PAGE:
I can’t believe it took me so long to realize that…

Kate and Aunty Lisa, Christmas 1988


This post is in honor of and will be linked to Finish the Sentence Fridays, a blog that Kristi Rieger Campbell hosts. Check out her blog – and those of the other contributors! Awesome people, every one.  Finding Ninee (scroll to the bottom of the page!)

My daughter Kate is an amazing person. She’s on the autism spectrum, but wasn’t diagnosed until age 15. For the longest time I knew there was something about her that indicated a need for extra help. She had significant gross motor delays, for one thing; however, we were smart enough to accept help from the Program for Infants & Children when she was a baby, and this was a true blessing. 

That was the last time I was able to admit to myself that Kate needed help…a lot of help…help that I couldn’t give her. My problem was that I didn’t want to have her undergo the battery of psychological testing that’s necessary for an ‘official’ diagnosis of autism. I was afraid of labels. I did not want my beautiful, delightful daughter to be labeled with the ‘R‘ word, or to be warehoused in some ‘special’ classroom with other children from whom society expected nothing. I grew up in a time when anyone who wasn’t perfectly ‘normal’ (whatever the hell NORMAL is!) was told to take remedial classes and no one expected anything much from them.

Oh how I wish I had known about heroes such as Temple Grandin and Stephen Shore when Kate was a baby…maybe I could have saved her from fourteen years of people asking “But what’s the MATTER with Kate?!?” I can’t believe it took me so long to realize that THERE IS NOTHING WRONG with my daughter. What’s WRONG is that she is a square peg in a world that only accepts round pegs that fit in round holes. I can’t believe it took me so long to realize that it’s others who need to change how they see people with differences. I can’t believe it took me so long to realize that Kate is perfect just the way she is, with her entirely original sense of humor and her infinite capacity for forgiveness and compassion…with her love of gaming and her keen intelligence…and her great ability to Love. Every. One. I can’t believe it took me so long to realize that…but I thank God that I finally…finally…FINALLY! woke up one day and said to myself, WOW…what a gift my babygirl is!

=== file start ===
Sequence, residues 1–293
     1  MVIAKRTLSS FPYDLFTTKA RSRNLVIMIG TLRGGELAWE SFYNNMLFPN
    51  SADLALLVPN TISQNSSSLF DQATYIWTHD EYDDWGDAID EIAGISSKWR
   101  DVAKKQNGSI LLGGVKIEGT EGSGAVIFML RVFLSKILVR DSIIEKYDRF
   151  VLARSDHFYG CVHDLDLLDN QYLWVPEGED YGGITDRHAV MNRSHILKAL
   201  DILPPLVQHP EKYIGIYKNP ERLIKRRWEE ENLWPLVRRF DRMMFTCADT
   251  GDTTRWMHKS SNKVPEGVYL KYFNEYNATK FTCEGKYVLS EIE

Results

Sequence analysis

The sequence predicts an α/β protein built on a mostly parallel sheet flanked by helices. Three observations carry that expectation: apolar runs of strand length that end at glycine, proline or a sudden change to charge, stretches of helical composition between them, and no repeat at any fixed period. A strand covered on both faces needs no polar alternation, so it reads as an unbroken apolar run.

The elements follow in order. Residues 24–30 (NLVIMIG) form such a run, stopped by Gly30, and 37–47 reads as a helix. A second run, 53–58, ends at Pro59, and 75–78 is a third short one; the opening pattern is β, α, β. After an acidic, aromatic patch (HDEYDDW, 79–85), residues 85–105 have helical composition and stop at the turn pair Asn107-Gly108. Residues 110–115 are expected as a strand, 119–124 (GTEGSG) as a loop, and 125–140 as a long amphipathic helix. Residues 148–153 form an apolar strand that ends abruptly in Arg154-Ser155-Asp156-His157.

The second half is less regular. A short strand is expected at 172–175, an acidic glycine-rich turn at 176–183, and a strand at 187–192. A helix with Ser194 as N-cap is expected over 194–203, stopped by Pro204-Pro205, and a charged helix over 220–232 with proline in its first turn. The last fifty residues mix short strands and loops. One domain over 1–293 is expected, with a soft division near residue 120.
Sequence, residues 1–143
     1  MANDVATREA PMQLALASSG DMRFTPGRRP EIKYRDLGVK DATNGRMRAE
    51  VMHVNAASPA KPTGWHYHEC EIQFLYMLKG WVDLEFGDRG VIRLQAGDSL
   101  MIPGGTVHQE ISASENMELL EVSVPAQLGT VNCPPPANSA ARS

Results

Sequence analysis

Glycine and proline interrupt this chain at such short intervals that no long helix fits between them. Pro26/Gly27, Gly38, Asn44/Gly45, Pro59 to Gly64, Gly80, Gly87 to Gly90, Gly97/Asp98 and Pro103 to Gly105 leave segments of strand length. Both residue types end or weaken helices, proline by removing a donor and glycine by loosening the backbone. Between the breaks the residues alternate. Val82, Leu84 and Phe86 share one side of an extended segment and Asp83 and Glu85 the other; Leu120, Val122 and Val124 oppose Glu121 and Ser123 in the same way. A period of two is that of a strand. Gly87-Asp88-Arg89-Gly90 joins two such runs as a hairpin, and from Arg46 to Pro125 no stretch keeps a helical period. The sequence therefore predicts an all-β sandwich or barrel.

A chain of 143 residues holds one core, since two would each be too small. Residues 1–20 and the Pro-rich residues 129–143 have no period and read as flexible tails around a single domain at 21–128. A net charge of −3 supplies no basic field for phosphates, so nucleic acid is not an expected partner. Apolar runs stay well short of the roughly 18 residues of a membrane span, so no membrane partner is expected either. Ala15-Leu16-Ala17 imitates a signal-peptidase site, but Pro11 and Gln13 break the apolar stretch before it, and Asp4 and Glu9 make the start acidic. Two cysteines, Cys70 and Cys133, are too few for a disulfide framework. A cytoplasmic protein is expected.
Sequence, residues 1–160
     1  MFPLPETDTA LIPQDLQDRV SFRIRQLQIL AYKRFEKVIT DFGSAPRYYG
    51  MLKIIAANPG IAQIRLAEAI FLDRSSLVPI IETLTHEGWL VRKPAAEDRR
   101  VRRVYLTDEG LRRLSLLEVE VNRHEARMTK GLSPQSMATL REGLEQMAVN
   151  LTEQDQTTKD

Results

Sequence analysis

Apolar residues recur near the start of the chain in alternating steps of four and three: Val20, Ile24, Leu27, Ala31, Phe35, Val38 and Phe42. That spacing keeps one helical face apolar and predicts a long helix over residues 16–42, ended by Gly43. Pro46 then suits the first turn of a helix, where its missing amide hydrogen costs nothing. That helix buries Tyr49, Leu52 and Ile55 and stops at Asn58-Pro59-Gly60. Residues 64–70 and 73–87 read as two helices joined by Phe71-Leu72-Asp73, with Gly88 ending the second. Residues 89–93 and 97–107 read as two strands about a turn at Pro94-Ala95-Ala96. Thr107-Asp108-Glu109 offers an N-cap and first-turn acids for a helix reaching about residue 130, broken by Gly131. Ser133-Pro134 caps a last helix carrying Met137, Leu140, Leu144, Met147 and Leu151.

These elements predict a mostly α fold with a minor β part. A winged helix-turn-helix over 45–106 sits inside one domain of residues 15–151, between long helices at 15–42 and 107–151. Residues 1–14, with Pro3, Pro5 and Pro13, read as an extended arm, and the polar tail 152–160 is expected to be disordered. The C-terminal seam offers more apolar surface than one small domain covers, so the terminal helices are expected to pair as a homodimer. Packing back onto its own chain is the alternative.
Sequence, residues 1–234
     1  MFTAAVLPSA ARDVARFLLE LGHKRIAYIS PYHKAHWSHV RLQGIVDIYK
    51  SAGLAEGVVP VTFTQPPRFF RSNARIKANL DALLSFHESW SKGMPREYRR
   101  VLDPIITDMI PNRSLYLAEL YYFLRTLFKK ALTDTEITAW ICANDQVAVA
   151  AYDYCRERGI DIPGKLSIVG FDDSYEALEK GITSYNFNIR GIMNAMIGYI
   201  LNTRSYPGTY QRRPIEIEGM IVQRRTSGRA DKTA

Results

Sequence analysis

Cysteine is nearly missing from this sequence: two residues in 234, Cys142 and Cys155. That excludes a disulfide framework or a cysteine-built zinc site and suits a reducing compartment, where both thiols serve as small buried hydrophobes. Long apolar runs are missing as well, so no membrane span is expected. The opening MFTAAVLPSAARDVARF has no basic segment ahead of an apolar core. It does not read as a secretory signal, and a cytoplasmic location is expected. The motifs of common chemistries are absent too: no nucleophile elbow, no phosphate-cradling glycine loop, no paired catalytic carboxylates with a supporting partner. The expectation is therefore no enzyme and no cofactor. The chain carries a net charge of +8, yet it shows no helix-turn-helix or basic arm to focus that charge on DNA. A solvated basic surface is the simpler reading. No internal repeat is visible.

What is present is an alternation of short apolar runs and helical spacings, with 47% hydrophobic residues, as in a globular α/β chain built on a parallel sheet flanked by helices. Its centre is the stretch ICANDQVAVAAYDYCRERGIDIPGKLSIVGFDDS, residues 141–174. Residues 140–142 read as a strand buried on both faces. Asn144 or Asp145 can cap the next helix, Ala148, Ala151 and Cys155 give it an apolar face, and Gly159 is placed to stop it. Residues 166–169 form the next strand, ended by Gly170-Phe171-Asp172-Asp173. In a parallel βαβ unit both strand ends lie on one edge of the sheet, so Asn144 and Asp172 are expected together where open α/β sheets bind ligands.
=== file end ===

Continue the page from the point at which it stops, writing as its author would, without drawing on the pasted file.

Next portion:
I leave you all with a story that perfectly illustrates her Kateness. In 2010 my adopted sister was dying of cancer in Salt Lake City. One day The Call came that I was needed, as the end was pretty close…so as I prepared to leave, I explained to Kate that Aunty Lisa was going to die and she needed me to be there to take care of her. Because I am often unsure whether or not Kate clearly understands what she is told, I explained the situation carefully, as clearly as possible, and in several different ways. When I asked Kate if she understood that I HAD to take care of my sister, her reply absolutely floored me…she burst into tears and said, “But Mom, who’s going to take care of YOU?!?” She was on the plane with me the next day, and together we were there for my sister. Kate took care of me. I took care of Lisa. Kate understood what I had not: that together, we could do anything. I can’t believe it took me so long to realize that.

4 thoughts on “I can’t believe it took me so long to realize that…

  1. Oh Deborah! What a beautiful and also heartbreaking story. I'm so very sorry for the loss of your sister. She sounds amazing and her bond with Kate will be missed, I know. So much. Also I have to say that I want to change the fact that the world is square pegs. So so much. Thank you for linking up!

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  2. Thanks, Kristi. It was the hardest thing to go through…but it was the last gift I could give Lisa: to be there with her, to see her through to the end. I have no regrets at all. It taught Kate, who was 21 at the time, that there are things which are much more important in life than going to school or having nice things. I had to drop out of school to be with Lisa, but I'd do it again. In a heartbeat. Lisa is with me every day…she had so many sayings that I still use: when asked how she was doing, her standard reply was “Vertical and taking nourishment, thank you!” She never went to the hospital – it was called “checking in at the health hotel.” I could go on and on…

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  3. Thank you for popping over to my site and leaving a comment, Deborah. I am so glad to “meet” you. Both Kate and Lisa sound extraordinary. Lisa's “…. vertical and taking nourishment, thank you” speaks volumes about her. The “health hotel” just caps it. Love that. Your sacrifice of dropping out of school must have been difficult and yet it was the best thing you could have done. I'm so happy for you that you have no regrets. So many folks do.

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  4. Thank you for popping over to my site and leaving a comment, Deborah. I am so glad to “meet” you. Both Kate and Lisa sound extraordinary. Lisa's “…. vertical and taking nourishment, thank you” speaks volumes about her. The “health hotel” just caps it. Love that. Your sacrifice of dropping out of school must have been difficult and yet it was the best thing you could have done. I'm so happy for you that you have no regrets. So many folks do.

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